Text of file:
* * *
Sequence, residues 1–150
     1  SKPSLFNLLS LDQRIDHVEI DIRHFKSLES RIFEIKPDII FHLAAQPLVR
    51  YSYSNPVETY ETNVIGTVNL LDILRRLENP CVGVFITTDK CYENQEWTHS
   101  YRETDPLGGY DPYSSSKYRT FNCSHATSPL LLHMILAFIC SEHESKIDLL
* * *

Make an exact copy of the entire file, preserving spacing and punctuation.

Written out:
Sequence, residues 1–150
     1  SKPSLFNLLS LDQRIDHVEI DIRHFKSLES RIFEIKPDII FHLAAQPLVR
    51  YSYSNPVETY ETNVIGTVNL LDILRRLENP CVGVFITTDK CYENQEWTHS
   101  YRETDPLGGY DPYSSSKYRT FNCSHATSPL LLHMILAFIC SEHESKIDLL